Enriched classes enrich student learning on all levels

Linnea Shively, staff writer

As Edina High School reconsiders the addition of more enriched classes, the Edina Public Schools board must not overlook the benefits of ability-based classes. Enriched classes help not only students who require accelerated curriculum but also allow students in standard classes the personalized attention needed to succeed at a greater rate. At its core, personalized learning is meeting each student where they are in their educational journey, and the ability for students to participate in classes of different levels is essential to achieving this goal. 

Separate classes based on ability level allow teachers to more specifically target the needs of their students. “Each student needs high-quality support, and that support won’t look the same for each student,” former Edina School Board member Amir Gharbi said in his report on the need for enriched classes at all levels, “Honoring Student Differences.” Although some range in ability is beneficial within classes, large ranges create a lack of appropriately challenging material. 

For students performing above grade-level, separate enriched classes provide a more stimulating learning environment while maintaining balance. EHS’s Advanced Placement (AP) curriculum allows students to take more rigorous classes, but some high achieving students often overwhelm themselves with these AP classes. “We’re asking kids to do things that it’s not natural for them to do sometimes, and then it’s putting undue pressure to stand out in a way that they’re making themselves basically sick. It should be more appropriately matched,” EPS teacher of fifteen years Linda Friede said. By providing enriched classes along with AP classes, motivated students are still able to have a more robust curriculum without being required to take all college-level courses as high schoolers. 

Given that  mental health conditions, such as anxiety and depression, are a common concern for today’s teenagers, different levels of classes relieve the pressure to take multiple AP courses for above-grade-level students. Instead, these students can take a mix of enriched classes and AP classes that they are passionate about, while still maintaining a healthy balance between school and extracurriculars. 

Homogenous ability-based classes also benefit students in standard classes. In her experience as a math teacher who specialized in working with below-grade-level students, Friede believes separate classes allow these students a chance to grow at a faster rate than if they were in heterogeneous classes. “[Below grade level students] have an opportunity to shine [in the classroom] for the first time in their lives. They’ve never been a leader, but you have the chance for them to understand what it feels like [in these classes],” Friede said. 

In addition to homogenous classes, targeted attention is also needed in order to facilitate individual student growth. “With that type of support, [students] can go way beyond grade level,” Friede said. She found that especially in math classes, providing supplemental teaching on background skills allowed students to get back on track with peers at a faster rate. Targeted attention is logistically easier for a teacher to provide in a homogenous classroom in which ability levels are similar. Eventually, this model allows students who were previously underperforming the chance to take more robust enriched courses in their areas of strength or interest.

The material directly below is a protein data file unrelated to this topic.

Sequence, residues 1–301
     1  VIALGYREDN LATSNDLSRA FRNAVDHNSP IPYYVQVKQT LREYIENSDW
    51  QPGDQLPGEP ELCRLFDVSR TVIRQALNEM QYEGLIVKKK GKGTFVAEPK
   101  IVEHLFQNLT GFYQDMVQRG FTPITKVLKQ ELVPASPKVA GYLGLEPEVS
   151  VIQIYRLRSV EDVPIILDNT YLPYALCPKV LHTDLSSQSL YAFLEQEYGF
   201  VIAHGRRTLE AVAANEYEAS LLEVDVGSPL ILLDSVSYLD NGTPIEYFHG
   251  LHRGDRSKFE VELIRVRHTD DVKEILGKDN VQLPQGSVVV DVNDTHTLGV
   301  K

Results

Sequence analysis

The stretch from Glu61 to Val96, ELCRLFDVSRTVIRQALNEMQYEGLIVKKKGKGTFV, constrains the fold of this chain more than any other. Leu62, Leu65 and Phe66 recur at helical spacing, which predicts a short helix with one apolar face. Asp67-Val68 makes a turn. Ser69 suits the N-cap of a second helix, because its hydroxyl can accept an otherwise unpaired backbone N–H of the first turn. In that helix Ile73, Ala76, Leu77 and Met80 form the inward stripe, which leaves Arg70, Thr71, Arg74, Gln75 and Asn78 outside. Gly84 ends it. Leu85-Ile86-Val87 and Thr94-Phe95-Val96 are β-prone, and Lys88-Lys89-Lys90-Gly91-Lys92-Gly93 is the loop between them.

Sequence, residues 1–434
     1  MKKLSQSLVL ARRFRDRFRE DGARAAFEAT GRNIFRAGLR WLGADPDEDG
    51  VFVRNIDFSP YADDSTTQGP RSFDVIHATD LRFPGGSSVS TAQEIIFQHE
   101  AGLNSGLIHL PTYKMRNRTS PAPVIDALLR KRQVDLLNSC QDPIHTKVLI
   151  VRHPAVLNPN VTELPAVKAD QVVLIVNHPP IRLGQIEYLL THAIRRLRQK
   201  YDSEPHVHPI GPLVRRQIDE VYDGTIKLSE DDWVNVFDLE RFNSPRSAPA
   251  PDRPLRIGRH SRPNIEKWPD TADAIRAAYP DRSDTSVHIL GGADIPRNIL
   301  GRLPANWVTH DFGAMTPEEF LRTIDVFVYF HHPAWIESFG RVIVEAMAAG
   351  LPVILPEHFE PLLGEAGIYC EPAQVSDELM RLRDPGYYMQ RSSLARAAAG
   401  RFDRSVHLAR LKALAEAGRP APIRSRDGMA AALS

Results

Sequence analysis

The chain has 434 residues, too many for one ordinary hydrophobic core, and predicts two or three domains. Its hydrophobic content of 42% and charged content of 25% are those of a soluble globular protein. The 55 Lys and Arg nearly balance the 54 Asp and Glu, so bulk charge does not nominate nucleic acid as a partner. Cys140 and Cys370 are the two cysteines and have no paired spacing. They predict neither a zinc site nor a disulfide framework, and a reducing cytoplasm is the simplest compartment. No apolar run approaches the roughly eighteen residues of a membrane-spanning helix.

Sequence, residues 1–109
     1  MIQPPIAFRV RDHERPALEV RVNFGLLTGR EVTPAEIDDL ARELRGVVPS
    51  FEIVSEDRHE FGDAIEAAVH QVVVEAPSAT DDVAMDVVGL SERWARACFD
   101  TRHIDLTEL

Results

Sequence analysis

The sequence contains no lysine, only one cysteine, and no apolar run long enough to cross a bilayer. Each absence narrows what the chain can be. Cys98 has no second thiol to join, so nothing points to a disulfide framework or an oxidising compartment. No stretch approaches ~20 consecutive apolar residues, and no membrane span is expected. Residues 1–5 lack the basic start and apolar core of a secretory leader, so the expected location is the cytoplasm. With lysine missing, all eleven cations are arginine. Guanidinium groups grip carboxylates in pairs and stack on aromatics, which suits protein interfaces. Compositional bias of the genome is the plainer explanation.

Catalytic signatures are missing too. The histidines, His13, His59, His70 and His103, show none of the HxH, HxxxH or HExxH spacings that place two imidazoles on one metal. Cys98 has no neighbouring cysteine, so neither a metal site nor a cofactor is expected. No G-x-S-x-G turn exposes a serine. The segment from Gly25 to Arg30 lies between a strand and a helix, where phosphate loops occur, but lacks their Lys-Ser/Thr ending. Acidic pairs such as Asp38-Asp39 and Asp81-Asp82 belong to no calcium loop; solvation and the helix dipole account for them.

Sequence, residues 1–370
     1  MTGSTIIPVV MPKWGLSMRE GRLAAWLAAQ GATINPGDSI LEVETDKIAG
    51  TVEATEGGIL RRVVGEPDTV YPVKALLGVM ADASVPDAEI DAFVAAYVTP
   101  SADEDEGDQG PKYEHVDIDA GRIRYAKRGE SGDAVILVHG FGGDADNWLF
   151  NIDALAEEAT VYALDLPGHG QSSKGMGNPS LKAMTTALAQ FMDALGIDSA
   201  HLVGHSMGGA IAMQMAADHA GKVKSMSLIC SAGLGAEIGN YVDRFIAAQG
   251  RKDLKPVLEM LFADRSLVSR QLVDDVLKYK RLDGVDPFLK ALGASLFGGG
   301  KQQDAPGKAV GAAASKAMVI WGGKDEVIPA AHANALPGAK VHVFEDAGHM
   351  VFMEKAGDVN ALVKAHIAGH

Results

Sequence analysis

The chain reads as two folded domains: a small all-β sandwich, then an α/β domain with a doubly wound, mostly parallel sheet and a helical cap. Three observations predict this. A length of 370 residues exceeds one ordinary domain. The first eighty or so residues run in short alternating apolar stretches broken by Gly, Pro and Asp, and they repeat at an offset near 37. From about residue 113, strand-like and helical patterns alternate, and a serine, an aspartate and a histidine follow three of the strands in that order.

A greater variety of classes also provides students with “on-ramps” and “off-ramps,” which empowers them to make the best educational choice for themselves. This flexible strategy allows students to easily try different level classes (on-ramps), but does not trap students in a certain path by allowing students to switch classes (off-ramps). By providing different difficulty levels for classes, students are able to try an enriched class to determine if it is a correct fit while not trapping themselves in the rigor of an AP class. For example, a student interested in Biology can take Enriched Biology, and can then make an educated decision on whether they should choose to take AP Biology the following year. Instead of being forced to jump from standard science to AP science, students are more adequately prepared for AP classes by testing out an enriched option. 

For EPS, the addition of enriched classes as stated in school board policy 601 creates consistency throughout the district in the level of courses offered by filling in gaps. “The changes are not as sweeping as have been depicted,” current EPS School Board member Owen Michaelson explained. In fact, the changes would only add seven classes across grades 3-12, such as Enriched Language Arts from 6th-10th grade, providing an opportunity for students to remain in an accelerated program before reaching AP United States Literature and Language in 11th grade. However, the addition of these challenging, enriched classes is essential to promoting continuous student growth from elementary school through high school. 

Ultimately, helping all students develop curiosity, critical thinking skills, and knowledge should be the goal of education. “The key to excellence is viewing students as individuals and celebrating their personal growth,” Gharbi said. Only by providing the opportunity for  robust enriched programs in addition to standard curriculum, and allowing students to determine their own path based on interests and strengths will each student reach their full potential and achieve EPS’ vision of excellence.